Friday, 25 January 2019

Getting Help with Home Adaptions for Disability


Title text over a faded out picture of a lady siting at a desk.
This is a difficult subject for a lot of people, as getting any kind of help with a problem flies in the face of the British 'stiff upper lip', 'make do and mend' philosophy. This means there is often a psychological barrier to getting help, as well as a physical one, when you don't know where to start or who to approach. In this post I hope to tackle both, looking at what aids and adaptations are available and who can help you get them, as well as dealing with the emotional side of taking the step to seeking and accepting help. If you are struggling at home, but are used to soldiering on, maybe it's time to think about some simple adaptations to make life easier. 

In Collaboration with Mobility Plus

It becomes second nature, when you are used to struggling with something, to forget that it doesn't have to be that hard. For a person suffering from pain or immobility, life at home can consist of a series of small difficulties throughout the day, everything from getting dressed to using stairs, even making a cup of tea, can be a real challenge. None of them are impossible, but if one struggle leads to another, and then to another throughout the day, it becomes exhausting and depressing, but it doesn't have to be this way. There are a wealth of ingenious gadgets and gizmos out there to assist with a lot of the difficulties disabled people face and I've included some examples below. This is just a small selection of ideas that can help with issues surrounding limited mobility, but it's not an exhaustive list and it may be worth requesting a visit from an occupational therapist if you have a specific need that isn't mentioned. 

Small Changes


Additional Bannister - to help with stability on stairs

Grab Rails - for bath or toilet, to assist with getting up and down

A Perching Stool - to make food preparation and cooking easier

A Kettle Tipper - to help with tea and coffee preparation if lifting is an issue

Shower Stool - For providing rest opportunities while in the shower

Bigger Adaptations


Ramp - for just for wheelchairs, also good for anyone who finds steps a struggle

Stair Lift - for when stairs become too much, due to mobility or breathing problems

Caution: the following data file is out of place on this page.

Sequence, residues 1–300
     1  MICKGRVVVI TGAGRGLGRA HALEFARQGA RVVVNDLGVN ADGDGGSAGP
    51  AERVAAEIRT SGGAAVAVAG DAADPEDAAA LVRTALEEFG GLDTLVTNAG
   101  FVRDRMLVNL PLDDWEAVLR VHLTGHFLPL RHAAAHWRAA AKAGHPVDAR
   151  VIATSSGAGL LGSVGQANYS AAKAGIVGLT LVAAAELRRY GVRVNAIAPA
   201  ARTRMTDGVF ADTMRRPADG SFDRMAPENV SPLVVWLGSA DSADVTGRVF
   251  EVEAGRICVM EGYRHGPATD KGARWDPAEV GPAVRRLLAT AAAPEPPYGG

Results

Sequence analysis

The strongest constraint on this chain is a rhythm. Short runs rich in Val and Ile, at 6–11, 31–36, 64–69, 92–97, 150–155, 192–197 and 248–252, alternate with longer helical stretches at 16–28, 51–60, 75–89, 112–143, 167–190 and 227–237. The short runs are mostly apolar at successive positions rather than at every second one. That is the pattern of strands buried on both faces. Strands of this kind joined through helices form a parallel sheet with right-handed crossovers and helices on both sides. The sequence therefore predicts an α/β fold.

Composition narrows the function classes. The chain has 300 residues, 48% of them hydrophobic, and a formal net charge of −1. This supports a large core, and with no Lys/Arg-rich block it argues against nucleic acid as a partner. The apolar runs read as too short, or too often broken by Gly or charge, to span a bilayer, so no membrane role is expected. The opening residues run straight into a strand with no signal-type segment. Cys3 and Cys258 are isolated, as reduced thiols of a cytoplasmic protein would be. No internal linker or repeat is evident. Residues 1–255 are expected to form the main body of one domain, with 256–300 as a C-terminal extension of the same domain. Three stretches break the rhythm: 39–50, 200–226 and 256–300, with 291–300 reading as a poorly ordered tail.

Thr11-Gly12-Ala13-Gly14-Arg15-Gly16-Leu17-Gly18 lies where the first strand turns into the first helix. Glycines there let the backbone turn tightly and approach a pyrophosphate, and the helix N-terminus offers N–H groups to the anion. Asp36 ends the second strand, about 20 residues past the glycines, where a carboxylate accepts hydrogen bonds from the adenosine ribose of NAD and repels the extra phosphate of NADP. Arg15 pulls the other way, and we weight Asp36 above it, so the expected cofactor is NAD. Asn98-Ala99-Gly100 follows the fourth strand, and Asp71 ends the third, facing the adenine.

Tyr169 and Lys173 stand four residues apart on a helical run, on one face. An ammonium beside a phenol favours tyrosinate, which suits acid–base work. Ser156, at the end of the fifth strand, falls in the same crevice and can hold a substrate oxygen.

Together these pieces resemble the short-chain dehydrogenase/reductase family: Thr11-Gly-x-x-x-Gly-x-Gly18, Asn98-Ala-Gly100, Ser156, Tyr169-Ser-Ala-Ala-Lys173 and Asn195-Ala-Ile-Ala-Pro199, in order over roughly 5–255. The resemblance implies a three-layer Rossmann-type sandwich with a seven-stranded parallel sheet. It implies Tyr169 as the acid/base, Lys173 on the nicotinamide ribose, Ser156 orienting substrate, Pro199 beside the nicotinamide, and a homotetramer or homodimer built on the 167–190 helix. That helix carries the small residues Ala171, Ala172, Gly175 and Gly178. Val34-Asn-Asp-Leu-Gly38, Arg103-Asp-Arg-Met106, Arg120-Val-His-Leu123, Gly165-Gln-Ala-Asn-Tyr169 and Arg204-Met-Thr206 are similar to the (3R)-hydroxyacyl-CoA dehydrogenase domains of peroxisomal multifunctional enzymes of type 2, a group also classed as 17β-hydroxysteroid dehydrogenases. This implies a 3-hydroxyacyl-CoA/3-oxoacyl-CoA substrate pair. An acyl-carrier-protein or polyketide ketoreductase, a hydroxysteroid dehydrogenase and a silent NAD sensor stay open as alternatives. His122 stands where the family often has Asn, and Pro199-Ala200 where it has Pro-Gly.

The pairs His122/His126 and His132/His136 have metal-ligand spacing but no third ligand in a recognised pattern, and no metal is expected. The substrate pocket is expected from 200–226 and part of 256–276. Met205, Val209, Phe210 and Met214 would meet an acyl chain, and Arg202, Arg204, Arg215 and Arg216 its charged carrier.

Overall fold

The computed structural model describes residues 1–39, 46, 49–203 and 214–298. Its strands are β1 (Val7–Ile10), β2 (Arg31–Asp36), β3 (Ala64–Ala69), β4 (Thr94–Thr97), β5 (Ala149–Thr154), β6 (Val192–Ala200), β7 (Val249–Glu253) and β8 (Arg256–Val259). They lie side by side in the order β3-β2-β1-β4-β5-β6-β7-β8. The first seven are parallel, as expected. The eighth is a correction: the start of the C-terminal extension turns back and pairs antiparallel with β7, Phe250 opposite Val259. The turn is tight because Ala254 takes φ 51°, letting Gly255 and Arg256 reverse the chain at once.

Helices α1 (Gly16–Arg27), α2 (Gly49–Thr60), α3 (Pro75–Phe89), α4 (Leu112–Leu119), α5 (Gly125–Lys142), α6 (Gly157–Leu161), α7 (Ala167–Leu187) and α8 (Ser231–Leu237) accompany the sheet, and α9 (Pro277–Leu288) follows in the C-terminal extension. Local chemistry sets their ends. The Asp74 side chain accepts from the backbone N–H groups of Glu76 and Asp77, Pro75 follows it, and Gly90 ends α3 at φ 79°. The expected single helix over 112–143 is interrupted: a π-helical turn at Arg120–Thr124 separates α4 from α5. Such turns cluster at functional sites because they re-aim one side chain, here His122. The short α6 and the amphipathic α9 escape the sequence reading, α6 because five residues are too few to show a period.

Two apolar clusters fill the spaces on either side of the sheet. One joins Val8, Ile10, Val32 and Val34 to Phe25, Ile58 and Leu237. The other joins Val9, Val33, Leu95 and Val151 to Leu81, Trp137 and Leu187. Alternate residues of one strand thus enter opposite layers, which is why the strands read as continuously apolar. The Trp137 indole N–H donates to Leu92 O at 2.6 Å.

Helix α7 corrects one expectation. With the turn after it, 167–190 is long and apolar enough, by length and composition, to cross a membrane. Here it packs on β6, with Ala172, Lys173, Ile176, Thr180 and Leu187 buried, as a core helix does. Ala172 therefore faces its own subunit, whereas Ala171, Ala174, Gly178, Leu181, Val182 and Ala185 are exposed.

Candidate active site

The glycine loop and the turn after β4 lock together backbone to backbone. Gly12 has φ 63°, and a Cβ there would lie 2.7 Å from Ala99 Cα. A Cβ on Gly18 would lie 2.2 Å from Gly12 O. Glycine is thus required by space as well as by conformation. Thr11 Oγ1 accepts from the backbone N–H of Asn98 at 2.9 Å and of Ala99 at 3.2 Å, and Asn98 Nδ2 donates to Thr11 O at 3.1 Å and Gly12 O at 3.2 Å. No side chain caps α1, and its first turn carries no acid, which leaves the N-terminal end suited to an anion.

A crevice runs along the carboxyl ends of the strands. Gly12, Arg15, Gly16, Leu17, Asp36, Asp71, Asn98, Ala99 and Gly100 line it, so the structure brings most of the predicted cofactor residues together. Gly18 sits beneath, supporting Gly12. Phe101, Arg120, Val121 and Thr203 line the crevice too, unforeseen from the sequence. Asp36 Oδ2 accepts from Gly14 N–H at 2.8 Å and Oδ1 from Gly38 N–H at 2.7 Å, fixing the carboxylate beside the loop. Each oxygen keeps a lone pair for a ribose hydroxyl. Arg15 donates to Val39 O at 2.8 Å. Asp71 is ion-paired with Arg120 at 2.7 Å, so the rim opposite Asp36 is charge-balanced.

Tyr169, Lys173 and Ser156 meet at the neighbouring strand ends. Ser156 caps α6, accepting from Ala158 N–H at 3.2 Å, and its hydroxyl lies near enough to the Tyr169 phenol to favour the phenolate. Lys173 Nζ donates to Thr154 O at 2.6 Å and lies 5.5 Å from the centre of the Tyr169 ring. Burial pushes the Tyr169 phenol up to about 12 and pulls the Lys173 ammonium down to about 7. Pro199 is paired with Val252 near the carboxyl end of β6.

Bed Raisers - there are lots of options for help getting in and out of bed

Walk-in Bath - to remove the obstacle of getting in and out

Wet Room - providing easy access to washing and toilet facilities

You can buy your own adaptations and equipment from a private supplier and there are lots of options available, both on the high street and online. It pays to shop around and also to get advice from your health professional, or an occupational therapist, to make sure you know exactly what you need. If you are looking for expert advice and a quick service, Mobility Plus can supply wet rooms and adapted showers or baths. They offer free advice on how to best meet your needs, as well as a short installation time, and can even offer finance options too. However, it might be possible to apply for a grant to cover some, or all, of the cost. More information on grant applications can be found here

Some thoughts on asking for help. You're entitled to it, it's what it's there for, and nobody would want to think that you were struggling every day to do something that could be made a lot more manageable relatively easily. Life is for living and everything you don't have to struggle with is energy you can spend on something more fun and rewarding. The fact is, you don't get any extra points in life for battling through when you don't need to.  and, even if you don't see yourself as disabled, or claim disability benefits, if it's an issue for you, you may be entitled to help. You don't have to have a council house in order to receive help, but the amount and type of help available will vary.  Your first port of call could be your doctor, or other health professional, or you can approach your local authority direct. It will be the local authority who organise and provide adaptations if you qualify and what you could get varies around the country, so I can't be too specific about what's available. This is why it doesn't hurt to ask, since the worst they can do is say no and it is sometimes surprisingly easy to get some of the smaller equipment required. Bigger adaptations may require a grant application, but your local authority can advise you on this. The Citizen's Advice Bureau has more information on what might be available and how to apply.


SHARE:

2 comments

  1. A few years ago our daughter asked her health professionals for a bath chair and stairlift since she was bedbound and was refused on the grounds 'she would become relaint' on them. Err, she was stuck in a bed unable to have a bath or go downstairs, so she was already worse than reliant on aids, but the 'experts' said no. When her condition worsened and she was hospitalised the coin then flipped totally and she wasn't allowed home until the adaptations were put in place. She is now a wheelchair user in her own disabled-friendly property and it totally reliant on her aids plus some extra help, but now she has a life!

    ReplyDelete
  2. I had this a few years ago when my mum became much less mobile, I can't remember where/how I got it now but I had to fill out a form and then someone came round to my mum's and went through what they had available that would help her. She got one of those perching stalls, a sort of trolley thing which she wheels her dinner on, a chair lift thing for the bath and a frame round the toilet to help her get off and on

    ReplyDelete

© The Parent Game. All rights reserved.
MINIMAL BLOGGER TEMPLATES BY pipdig